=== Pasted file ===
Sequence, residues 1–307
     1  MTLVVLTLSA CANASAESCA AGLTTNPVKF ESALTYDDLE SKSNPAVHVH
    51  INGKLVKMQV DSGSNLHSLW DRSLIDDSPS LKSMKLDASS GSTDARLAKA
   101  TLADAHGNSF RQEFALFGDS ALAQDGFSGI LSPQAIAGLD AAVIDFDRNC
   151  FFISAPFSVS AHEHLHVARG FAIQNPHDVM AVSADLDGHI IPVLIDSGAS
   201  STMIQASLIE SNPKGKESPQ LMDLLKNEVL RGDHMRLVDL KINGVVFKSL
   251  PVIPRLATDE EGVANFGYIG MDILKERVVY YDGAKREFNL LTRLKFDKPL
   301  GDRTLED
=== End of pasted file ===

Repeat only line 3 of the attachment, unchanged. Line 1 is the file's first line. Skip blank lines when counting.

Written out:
    51  INGKLVKMQV DSGSNLHSLW DRSLIDDSPS LKSMKLDASS GSTDARLAKA